Despite the importance of their roles, developers make between $80,000 and perhaps $200K, unlike many other higher earners, like doctors, attorneys or venture capitalists. While some of the developers go on to become subject matter experts in their line of business or managers, increasing their income, they do it through essentially changing their specialty, not by learning a new technical skill. Money is a factor for all people, but unlike stock brokers and hedge fund executives, tech folks require more, than just income. Technology advances empowered them, but most programmers are your average employees. As all humans they have their own comfort zones, personal preferences, likes and dislikes, and unlike technology itself, crave the personal connection with peers. At times they’ll share a workstation for best results, called pair programming; and at times they’ll sit in own cubicles with computer screens blocking the view of what’s outside of it, but at all times they interact with others, to one extent or another. Comfort zones, often as simple as their workstations, are often even more important to programmers, as they tend to spend more time glued to a computer.

Considering the difference in approach, as well as the significance of the roles, potential technical employees should be hired through the use of highly specialized resources, like therapists, who understand their way of thinking, or at least by other developers, who can truly associate with technology-related challenges and accomplishments. Or so it seems. The truth is about as far from those scenarios as can be imagined. Here are the methods utilized by firms for hiring: human resources professionals, recruiters, online forms and tests. First contact is established by email, not even a call; first screening is done through a test, like HackerRank, or a phone call from anon-technical person, not a meeting with a like-minded individual.

The imperfections are clear. A Human Resources professional is responsible for company policy, promotions trends, benefits, as well as hiring, as well as many other tasks, making it difficult to be truly dedicated to an efficient hiring process. A dedicated recruiter will work on a project management, an administrative or a technical role just the same, resulting in lack of technology understanding and often applying irrelevant criteria to tech hiring. A specific technical recruiter generally can’t even tell the difference between common technologies, although accustomed to the common buzzwords. An online test is an impersonal and time-consuming task, often testing irrelevant skills, with most companies trying to impress potential hires as Google and Amazon, while offering far less interesting challenges day-to-day.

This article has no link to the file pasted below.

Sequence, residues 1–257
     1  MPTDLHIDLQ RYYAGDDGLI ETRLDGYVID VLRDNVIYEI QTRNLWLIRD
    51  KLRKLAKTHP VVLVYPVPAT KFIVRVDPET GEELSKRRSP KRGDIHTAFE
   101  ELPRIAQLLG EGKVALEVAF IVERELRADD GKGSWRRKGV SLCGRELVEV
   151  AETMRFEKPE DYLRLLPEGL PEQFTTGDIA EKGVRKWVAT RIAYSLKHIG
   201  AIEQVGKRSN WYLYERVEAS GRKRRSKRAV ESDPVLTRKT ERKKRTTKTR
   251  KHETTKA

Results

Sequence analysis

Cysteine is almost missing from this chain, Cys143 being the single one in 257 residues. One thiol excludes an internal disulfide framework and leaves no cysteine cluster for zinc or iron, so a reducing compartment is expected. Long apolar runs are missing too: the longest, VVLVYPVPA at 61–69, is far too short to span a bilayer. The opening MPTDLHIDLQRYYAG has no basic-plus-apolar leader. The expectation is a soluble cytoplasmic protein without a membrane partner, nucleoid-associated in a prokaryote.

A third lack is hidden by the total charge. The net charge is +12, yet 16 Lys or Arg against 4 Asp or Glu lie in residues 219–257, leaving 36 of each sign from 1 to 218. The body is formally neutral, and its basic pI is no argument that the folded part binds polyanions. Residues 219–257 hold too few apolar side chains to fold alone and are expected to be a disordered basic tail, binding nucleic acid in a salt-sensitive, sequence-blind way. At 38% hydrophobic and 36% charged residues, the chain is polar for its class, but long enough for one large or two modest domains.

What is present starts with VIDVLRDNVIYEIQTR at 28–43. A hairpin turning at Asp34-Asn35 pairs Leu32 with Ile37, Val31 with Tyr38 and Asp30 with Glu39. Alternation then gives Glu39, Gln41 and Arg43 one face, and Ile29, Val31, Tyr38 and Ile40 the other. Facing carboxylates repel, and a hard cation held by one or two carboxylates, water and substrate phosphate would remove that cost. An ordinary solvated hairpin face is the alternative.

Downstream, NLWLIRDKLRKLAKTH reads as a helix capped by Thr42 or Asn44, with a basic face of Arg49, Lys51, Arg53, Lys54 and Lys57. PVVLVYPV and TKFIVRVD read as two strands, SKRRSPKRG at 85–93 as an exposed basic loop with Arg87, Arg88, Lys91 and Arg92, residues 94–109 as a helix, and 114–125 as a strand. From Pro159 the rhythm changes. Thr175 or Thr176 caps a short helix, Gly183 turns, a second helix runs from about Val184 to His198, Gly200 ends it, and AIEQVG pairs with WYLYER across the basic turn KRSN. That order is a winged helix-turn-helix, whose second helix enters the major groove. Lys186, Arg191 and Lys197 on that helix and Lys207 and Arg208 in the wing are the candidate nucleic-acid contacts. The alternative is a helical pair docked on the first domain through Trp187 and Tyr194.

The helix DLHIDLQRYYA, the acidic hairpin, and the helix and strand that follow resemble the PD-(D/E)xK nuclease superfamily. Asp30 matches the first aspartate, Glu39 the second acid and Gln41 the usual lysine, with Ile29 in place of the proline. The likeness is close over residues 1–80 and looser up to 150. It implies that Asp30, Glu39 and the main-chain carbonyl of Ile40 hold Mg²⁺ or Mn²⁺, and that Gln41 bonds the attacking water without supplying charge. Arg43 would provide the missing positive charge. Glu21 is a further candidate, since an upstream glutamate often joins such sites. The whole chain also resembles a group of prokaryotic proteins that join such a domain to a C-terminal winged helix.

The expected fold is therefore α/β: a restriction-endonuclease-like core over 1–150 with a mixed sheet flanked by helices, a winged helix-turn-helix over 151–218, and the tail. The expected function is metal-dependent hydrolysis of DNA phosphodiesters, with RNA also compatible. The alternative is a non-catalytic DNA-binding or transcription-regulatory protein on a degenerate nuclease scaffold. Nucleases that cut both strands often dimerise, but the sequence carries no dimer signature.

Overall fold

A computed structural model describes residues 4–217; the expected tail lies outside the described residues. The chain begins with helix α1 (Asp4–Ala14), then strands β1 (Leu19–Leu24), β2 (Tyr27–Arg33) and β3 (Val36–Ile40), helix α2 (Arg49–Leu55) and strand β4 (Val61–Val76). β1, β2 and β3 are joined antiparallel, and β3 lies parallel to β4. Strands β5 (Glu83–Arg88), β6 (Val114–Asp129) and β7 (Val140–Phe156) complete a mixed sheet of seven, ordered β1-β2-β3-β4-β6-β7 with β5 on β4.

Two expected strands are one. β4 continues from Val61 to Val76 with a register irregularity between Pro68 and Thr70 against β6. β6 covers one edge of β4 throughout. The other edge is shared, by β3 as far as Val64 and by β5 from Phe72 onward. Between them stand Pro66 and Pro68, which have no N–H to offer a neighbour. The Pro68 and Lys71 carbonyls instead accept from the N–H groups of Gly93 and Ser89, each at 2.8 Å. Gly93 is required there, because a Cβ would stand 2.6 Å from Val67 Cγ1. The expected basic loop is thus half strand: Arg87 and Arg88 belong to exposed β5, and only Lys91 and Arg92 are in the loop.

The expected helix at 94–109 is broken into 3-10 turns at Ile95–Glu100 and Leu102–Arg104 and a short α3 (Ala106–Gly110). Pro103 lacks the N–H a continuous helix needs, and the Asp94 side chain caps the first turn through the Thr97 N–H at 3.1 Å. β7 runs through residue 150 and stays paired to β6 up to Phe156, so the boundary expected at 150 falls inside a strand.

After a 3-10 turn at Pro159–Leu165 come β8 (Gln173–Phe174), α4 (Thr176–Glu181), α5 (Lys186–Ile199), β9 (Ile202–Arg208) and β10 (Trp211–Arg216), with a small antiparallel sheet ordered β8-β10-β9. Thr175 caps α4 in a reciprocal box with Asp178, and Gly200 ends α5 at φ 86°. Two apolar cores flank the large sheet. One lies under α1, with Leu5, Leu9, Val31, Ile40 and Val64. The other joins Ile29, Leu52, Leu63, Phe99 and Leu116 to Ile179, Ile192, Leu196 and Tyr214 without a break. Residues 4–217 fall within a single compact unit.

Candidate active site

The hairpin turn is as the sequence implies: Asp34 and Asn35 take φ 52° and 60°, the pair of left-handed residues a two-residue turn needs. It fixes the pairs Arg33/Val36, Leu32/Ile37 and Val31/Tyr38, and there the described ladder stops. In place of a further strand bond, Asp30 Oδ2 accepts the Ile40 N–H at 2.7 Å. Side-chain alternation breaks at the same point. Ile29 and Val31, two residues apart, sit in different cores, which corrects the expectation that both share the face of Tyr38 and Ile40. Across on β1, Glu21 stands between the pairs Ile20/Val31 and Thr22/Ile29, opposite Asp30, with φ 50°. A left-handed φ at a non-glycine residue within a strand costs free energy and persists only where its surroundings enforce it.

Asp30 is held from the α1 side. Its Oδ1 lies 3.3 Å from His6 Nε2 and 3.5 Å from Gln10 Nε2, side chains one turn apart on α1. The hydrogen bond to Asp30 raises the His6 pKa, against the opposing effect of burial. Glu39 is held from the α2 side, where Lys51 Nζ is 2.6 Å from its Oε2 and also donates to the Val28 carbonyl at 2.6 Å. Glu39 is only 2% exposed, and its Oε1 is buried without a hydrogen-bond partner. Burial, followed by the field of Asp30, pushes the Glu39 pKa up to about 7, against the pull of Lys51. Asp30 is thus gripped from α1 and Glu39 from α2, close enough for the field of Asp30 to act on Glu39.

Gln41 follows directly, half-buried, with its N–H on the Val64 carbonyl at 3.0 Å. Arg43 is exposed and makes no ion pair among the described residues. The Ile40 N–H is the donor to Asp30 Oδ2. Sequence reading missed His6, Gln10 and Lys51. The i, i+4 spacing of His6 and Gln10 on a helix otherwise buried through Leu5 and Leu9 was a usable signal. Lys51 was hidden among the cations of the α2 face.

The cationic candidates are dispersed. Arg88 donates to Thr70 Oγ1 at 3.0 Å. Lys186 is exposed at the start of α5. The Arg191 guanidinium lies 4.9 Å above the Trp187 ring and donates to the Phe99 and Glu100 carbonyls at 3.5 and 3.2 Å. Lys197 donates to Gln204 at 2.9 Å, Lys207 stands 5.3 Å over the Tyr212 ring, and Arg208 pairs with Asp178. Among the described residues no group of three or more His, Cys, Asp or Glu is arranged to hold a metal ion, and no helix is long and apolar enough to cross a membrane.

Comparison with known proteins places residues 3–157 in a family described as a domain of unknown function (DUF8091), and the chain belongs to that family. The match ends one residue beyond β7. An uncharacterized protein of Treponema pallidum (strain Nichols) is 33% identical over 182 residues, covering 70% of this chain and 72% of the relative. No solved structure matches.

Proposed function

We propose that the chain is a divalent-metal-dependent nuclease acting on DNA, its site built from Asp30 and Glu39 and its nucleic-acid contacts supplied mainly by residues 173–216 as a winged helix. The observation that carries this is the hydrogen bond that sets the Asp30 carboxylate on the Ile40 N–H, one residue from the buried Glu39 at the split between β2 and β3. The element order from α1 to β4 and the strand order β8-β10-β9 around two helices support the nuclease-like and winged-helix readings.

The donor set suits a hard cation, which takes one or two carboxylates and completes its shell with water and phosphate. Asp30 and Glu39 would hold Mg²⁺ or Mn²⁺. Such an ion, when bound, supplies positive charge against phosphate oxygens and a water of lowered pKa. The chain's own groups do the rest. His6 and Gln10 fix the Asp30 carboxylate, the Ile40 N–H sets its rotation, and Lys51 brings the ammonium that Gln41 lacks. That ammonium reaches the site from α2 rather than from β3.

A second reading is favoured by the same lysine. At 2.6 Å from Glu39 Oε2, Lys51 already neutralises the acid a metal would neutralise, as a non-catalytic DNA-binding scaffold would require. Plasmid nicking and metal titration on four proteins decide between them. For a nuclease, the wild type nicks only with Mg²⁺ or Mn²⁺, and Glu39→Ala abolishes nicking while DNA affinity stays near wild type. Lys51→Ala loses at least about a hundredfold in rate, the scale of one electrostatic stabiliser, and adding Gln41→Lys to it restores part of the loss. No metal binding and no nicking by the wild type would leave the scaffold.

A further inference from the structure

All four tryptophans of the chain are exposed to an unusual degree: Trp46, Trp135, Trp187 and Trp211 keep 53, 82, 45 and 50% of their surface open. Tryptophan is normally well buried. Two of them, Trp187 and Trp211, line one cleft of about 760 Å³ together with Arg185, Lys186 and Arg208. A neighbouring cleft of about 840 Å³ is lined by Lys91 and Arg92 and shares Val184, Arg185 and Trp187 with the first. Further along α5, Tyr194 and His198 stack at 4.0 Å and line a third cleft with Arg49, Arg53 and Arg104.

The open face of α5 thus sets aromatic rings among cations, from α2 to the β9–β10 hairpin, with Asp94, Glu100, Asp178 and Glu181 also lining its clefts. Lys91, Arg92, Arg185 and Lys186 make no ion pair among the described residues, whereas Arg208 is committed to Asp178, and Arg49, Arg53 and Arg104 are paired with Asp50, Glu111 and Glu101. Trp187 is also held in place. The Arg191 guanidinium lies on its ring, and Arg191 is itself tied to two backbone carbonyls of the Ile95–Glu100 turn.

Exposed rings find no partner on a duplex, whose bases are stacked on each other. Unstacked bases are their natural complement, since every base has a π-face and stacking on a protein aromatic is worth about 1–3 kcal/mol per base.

When was the last time a Java developer applied for a job and a recruiter called them to discuss the garbage collection function of the JVM or the outer join syntax? How about the last time a recruiter truly asked why a developer chose to be a developer and understood the answer? Having a GitHub account doesn’t make one a passionate technologist. Lacking an online portfolio doesn’t make one a lousy UX designer either.

Being flagged for plagiarism on HackerRank because the test was long and hard, and oftentimes unnecessary, is no reflection of one’s ability to code either. Most programmers Google solutions nowadays anyway, be it an appropriate algorithm or a simple open source task.

When code won’t compile in a technical exercise, because the person taking the test used a different IDE, than the one checking it, it makes up for another way to get the wrong impression.

When a recruiter blocks a potential hire due to lacking communication skills, that recruiter likely never visited the team they are hiring for, as most present staff members may barely speak English, but exhibit high technical proficiency.

Job hopping is frowned upon, but making wrong hires is very commonplace due to hiring trends inefficiencies, resulting in many people leaving jobs rather soon due to work misrepresentation or similar.

Resumes and LinkedIn profiles often don’t reflect skills accurately either, as there is no common consensus on the way to present experience. While some hiring managers complain when a resume is longer than 2-3 pages, others can’t get a good sense of information portrayed, unless broken down into individual segments.

There are many other challenges with automating the recruiting process as well. Technology got more complicated with time, but the hiring process simplified. Technical staff is treated as tools during the interview process, which results in getting lower productivity from employees, who in return view their employers as tools. It’s a vicious cycle, which is occasionally broken by an experienced staffing specialist, but only temporarily, and often without proper recognition.

In 2017 there was a Women’s March. For one day many firms were missing their female employees. Same year there was a Day without Immigrants. Many businesses were short-staffed without the immigrant employees. Perhaps there may be a day without technologists too, only it’s just as unlikely to make a greater impact than front page news. Perhaps some firms will change their ways for the sake of efficiency, but it will be a steep hill to climb. For now there seems to be more obstacles, than solutions, and even with the dwindling down foreign workers visas nowadays, companies opt for easy solutions, as opposed to changing hiring methodologies.